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Mueller Seeking to Question Trump in Coming Weeks; Senate Votes to Reopen Government, Immigration Battle Looms; FBI: Nunes Won't Reveal Memo on Alleged Surveillance Abuse. Aired 5-6p ET

Aired January 23, 2018 - 17:00   ET


WOLF BLITZER, CNN ANCHOR: Happening now, breaking news. Closing in. The special counsel's Russia probe closes in on the president and his inner circle. Robert Mueller is reportedly seeking to talk to the president in the coming weeks. This as CNN learns he's already met with the attorney general, Jeff Sessions, and the fired FBI director, Jim Comey. Is the Russia investigation now heating up?

[17:00:35] Threatening to quit. President Trump denies that his hand- picked FBI director, Christopher Wray, threatened to quit because of pressure from the attorney general. As the FBI comes under renewed attack by the White House and its congressional allies.

Walled off. Senate Democratic leader Chuck Schumer takes his offer to fund the president's border wall off the table as the White House declares a bipartisan immigration deal dead on arrival. What does that mean for negotiations?

And Stormy warning. A watchdog group questions the legality of a reported payment to porn star Stormy Daniels to keep silent about an alleged sexual relationship with President Trump. Could that payment be an illegal campaign contribution?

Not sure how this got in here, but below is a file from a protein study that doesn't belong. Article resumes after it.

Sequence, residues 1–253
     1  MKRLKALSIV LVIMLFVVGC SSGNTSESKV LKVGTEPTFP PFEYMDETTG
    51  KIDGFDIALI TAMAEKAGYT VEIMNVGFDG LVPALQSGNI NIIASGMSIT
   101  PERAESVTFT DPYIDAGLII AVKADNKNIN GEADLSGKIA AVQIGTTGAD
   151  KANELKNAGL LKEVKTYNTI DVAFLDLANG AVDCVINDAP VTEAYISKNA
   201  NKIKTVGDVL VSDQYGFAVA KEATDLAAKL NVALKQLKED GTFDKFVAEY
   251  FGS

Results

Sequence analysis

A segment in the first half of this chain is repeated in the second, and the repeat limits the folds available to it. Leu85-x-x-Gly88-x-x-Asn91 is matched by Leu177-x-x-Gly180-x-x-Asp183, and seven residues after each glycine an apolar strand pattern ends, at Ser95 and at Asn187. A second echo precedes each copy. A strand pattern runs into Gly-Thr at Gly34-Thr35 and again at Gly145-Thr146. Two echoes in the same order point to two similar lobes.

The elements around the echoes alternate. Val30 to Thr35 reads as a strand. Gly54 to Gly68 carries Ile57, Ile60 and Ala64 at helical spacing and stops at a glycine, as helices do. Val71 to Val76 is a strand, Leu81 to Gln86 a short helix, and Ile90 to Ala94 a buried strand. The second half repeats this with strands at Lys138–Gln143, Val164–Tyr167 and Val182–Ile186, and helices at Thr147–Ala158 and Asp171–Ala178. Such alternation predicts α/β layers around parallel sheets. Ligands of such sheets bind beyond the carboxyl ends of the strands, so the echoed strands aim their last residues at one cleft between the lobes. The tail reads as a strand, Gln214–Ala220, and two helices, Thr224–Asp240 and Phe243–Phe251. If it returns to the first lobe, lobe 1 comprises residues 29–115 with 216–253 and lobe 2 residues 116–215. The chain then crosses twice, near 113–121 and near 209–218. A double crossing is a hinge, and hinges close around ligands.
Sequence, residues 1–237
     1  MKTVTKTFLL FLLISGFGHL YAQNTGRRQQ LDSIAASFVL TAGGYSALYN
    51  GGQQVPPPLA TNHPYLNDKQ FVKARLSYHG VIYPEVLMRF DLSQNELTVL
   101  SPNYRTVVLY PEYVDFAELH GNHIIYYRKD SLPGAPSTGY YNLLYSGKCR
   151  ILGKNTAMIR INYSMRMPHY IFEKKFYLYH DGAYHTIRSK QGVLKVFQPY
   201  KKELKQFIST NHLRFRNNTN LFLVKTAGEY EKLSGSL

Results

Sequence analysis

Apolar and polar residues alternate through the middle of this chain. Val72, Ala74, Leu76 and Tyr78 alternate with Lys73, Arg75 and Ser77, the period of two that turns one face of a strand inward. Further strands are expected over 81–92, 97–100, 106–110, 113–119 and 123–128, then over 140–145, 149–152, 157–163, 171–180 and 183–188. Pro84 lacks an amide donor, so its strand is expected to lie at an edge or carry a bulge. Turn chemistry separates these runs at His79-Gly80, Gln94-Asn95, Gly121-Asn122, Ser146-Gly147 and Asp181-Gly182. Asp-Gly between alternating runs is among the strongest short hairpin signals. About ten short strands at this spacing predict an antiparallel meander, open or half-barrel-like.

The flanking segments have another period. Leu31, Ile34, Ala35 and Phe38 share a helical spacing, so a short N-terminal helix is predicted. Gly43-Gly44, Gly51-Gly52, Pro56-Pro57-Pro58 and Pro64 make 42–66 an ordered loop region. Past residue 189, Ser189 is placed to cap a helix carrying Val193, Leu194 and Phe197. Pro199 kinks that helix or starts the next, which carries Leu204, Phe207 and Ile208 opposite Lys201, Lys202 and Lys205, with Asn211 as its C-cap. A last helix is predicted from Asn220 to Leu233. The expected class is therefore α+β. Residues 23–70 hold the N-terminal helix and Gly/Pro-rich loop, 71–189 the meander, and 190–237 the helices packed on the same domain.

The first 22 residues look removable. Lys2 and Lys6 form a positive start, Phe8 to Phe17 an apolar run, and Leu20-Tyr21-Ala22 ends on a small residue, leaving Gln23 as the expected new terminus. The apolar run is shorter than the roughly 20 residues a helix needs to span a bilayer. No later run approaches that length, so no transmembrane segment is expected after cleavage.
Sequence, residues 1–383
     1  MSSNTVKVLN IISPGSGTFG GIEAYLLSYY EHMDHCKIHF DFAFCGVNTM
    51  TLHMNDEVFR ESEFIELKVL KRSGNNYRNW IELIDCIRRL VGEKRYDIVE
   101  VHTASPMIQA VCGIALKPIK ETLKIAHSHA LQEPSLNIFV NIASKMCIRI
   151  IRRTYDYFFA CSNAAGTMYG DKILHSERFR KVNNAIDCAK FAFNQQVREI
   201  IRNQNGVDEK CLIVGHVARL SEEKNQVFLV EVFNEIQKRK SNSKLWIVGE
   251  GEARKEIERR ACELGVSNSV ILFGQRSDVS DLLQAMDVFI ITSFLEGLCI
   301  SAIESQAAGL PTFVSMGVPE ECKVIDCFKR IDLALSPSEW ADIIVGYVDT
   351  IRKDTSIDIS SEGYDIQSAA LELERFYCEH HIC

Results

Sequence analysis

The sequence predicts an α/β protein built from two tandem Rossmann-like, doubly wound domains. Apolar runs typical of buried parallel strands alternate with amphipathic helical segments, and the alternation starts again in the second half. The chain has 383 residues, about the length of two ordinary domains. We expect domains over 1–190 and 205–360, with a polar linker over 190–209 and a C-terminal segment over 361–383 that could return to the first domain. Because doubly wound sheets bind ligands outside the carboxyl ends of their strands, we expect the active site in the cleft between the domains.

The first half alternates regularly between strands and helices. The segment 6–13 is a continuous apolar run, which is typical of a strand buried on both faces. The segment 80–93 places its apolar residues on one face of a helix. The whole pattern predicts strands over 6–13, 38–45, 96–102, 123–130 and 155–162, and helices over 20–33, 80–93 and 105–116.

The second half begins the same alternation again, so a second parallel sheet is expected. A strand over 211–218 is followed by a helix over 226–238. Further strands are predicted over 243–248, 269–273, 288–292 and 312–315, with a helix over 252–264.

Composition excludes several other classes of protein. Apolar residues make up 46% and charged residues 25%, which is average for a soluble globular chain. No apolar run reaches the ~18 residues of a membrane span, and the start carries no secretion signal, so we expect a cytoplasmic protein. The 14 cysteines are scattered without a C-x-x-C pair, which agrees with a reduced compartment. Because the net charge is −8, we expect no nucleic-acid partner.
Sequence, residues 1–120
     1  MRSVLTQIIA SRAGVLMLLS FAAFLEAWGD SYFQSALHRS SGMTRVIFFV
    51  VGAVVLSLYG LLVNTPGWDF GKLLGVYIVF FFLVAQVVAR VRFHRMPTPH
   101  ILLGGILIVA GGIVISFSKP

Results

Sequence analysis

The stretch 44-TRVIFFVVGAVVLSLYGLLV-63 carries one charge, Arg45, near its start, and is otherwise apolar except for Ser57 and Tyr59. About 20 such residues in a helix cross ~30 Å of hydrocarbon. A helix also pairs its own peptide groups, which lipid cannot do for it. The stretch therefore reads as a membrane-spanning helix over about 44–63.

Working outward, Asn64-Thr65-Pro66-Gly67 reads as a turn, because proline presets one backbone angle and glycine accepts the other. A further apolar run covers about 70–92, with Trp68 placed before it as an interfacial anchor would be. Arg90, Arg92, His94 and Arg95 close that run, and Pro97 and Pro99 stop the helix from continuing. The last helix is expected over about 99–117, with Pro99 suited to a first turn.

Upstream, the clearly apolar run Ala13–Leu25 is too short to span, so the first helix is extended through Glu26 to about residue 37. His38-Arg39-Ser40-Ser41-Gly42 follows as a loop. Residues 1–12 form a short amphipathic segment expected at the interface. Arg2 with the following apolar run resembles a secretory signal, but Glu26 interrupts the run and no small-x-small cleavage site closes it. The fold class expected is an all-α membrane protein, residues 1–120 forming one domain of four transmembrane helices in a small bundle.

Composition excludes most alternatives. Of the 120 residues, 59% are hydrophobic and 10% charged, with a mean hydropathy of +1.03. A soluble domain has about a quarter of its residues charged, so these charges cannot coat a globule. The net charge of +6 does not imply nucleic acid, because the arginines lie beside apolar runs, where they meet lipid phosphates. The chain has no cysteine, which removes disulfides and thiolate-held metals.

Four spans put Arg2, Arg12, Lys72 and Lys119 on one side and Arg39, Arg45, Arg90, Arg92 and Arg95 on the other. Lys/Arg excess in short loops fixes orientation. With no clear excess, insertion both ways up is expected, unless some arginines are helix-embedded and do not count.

I'm Wolf Blitzer. You're in THE SITUATION ROOM.

ANNOUNCER: This is CNN breaking news.

BLITZER: Breaking news, there are several stunning developments in the special counsel's Russia probe, reaching all the way into the Oval Office. Tonight the White House -- "The Washington Post," I should say, says the special counsel is poised to question the president himself after interviewing former FBI director Jim Comey and the attorney general, Jeff Sessions.

I'll speak with Congressman Jim Himes of the Intelligence Committee. And our correspondents and specialists, they are all standing by with full coverage.

Let's begin with our senior White House correspondent, Pamela Brown. Pamela, what are you learning?

PAMELA BROWN, CNN SENIOR WHITE HOUSE CORRESPONDENT: Well, Wolf, we've learned through "The Washington Post" that Robert Mueller, special counsel, is seeking to interview President Trump in the coming weeks about two specific topics: the firing of former FBI director Jim Comey and the firing of former national security adviser Michael Flynn. And this indicates that Mueller's probe is now really intensifying its focus on obstruction of justice.

What the president's mindset was. His intent when he fired Jim Comey and Michael Flynn. Was to it obstruct justice in the Russia probe?

As you'll recall, he fired his national security adviser, because he misled the vice president about his conversations with the Russian ambassador, Kislyak. As we know, according to James Comey' memos, he allegedly asked him to drop the Flynn investigation. Those are things that Robert Mueller and his team are likely going to be looking at, if and when they are able to question the president. Those terms are being -- are still being worked out.

And Sarah Sanders, the White House press secretary, addressed this today during the press briefing. Here's what she said.